Everything Happens for a Reason? Review

Review of Bowler, Kate. Everything Happens for a Reason and Other Lies I Have Loved. Random House Publishing Group.

By Gary Furr

Kate Bowler begins her book in the doctor’s office.  “I had lost almost thirty pounds by the time I was referred to a gastrointestinal surgeon at Duke University Hospital.” And then, the thud of reality.”

ONE MOMENT I WAS a regular person with regular problems. And the next, I was someone with cancer. Before my mind could apprehend it, it was there—swelling to take up every space my imagination could touch. A new and unwanted reality. There was a before, and now there was an after. Time slowed to a pulse. Am I breathing? I wondered. Do I want to? Every day I prayed the same prayer: God, save me. Save me. Save me.

There are plenty of books about the problem of suffering, but every now and then one Bowler_Kate_AIF2019comes along that makes us feel it. All humans eventually suffer in life somewhere along the way—but it is undeserved, unfair and untimely suffering that is the most crushing variety. Enter Kate Bowler, a professor at Duke Divinity School and church history. Bowler’s first book came from her dissertation, a study of the Prosperity Gospel, entitled Blessed: A History Of The American Prosperity Gospel. She befriended and studied the world of name it and claim it Christianity, embodied in the megachurch worlds of Kenneth Copeland and Joel Osteen.

This book, though, is a personal one, a wilderness wandering through the most difficult and intractable questions all religious people face: why suffering, why now, why me? She gets my vote for the most interesting title of the year and she does not disappoint. Kate is a wickedly funny writer but also gut-wrenchingly honest about her journey through stage IV cancer.

She describes a life that was a typical success story” good roots, good family, a marriage to someone she loved, and, after a long journey of trying and a miscarriage, motherhood.  With a finished Ph. D. and a teaching position at Duke, she had everything necessary to expectations of success and accomplishment and a good long life to celebrate one day.

Then, seemingly out of nowhere she has to grapple with the prospect that she will may not see her child grow up. She descends into the routines of prayers, delivered food, chemo and loss of certainty. The entire divinity school organizes a prayer vigil for her in the chapel.

They gathered in the warm wood sanctuary and sang hymns and read Scripture and prayed thick, layered prayers in a way that only desperate people can. When the main service ended, they came to the hospital and traded off like relay runners, each praying for me until relieved. Some are close friends and some are acquaintances, and most are much, much smarter than I am. So it pleases me to no end to find out later that the most serious scholars I have ever known—authors of weighty books and owners of many velvet smoking jackets—have cried snotty tears as they pleaded with God to extend my life. They are teaching me the first lesson of my new cancer life—the first thing to go is pride.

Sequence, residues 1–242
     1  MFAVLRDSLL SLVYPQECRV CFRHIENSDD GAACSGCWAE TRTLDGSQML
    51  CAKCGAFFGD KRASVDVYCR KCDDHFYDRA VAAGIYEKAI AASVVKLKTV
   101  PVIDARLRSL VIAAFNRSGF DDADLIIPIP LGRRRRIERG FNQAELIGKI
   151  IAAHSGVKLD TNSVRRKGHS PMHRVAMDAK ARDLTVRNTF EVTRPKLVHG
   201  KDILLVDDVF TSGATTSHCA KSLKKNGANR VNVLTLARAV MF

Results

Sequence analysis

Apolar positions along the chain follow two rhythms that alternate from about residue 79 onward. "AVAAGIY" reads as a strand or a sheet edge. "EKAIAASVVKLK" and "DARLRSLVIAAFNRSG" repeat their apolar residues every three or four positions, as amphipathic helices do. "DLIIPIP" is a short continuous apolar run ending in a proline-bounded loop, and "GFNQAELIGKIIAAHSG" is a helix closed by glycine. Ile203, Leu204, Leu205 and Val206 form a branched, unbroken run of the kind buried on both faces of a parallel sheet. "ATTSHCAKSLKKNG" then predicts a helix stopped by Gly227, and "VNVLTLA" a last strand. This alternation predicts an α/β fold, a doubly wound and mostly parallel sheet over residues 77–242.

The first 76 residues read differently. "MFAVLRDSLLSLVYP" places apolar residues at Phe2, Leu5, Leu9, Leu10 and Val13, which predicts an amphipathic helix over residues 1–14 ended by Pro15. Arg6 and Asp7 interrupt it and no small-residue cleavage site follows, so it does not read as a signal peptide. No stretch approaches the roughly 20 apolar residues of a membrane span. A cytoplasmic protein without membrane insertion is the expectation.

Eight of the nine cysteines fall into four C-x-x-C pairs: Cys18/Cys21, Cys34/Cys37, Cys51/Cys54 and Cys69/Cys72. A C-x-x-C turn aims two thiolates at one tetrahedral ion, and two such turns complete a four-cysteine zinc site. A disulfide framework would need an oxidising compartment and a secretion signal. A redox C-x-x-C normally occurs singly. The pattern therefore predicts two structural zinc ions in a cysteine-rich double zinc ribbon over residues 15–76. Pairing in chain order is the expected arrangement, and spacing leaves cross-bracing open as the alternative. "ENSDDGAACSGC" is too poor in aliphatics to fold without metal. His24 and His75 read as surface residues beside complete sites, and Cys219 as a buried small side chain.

Her subtitle will attract many readers and anger others. People with system of thought 35133923._SY475_that need for things to be neatly wrapped up will be frustrated, as Job and his friends, even after seven days and nights of empathy, finally could not resist the temptation to organize and render meaning to Job’s sufferings.  She describes the terror of living by appointments instead of years.  There s no cure, she is told, but if you survive, we might come upon something that works.

I am marching toward the edge of a precipice, trusting that, by the time I get there, a bridge will have been built. Chemotherapy. Immunotherapy. Divine healing. Something needs to happen before I get there. Lord, build me a bridge.

She goes to an oncologist friend, Ray, who tells her the truth. They talk about dying, and he asks her how she is. “Okay, except for about ten minutes a day,” she confesses.  He wisely responds, “So tell me about the ten minutes.”

After a year in which she is given a 30% chance of survival, she is still alive. The book ends, after a conversation with a doctor who is a Christian. High on painkillers, she asks, “What is dying like?  What is heaven like?”  On and on. But finally the doctor says, out of the blue, “Don’t skip to the end,” he said, gently. “Don’t skip to the end.”

She says, simply, “I will die. But not today.” If that is insufficient for some, it was comforting to me. The great thing about this book is not her analysis of the failures of the Prosperity gospel and its ilk—God has a plan, this will bring God’s glory, and on and on. In fact, she admits that she longs for its magical thinking. “I had my own prosperity gospel, a flowering weed grown in with all the rest.”

She is at her funniest when telling all the stupid and anxious and unhelpful things people say to her.  Yet even in this dark tale, there were a few moments, one time in particular, when she experienced being buoyed up,  “At a time when I should have felt abandoned by God, I was not reduced to ashes. I felt like I was floating, floating on the love and prayers of all those who hummed around me like worker bees, bringing notes and flowers and warm socks and quilts embroidered with words of encouragement.”

This is a book for those who are going through it, but it’s good for the rest of us who eventually will. It is so faithful in its depictions of the journey, so true to the determination not to sugarcoat and turn back, that it needs to be read.

She adds two appendices of unhelpful and helpful things people say and do.  You will laugh and possibly cry, but above all you will think about how genuine her account is. And, as my late friend John Claypool often said in my hearing, remember that life, all of it, is gift.

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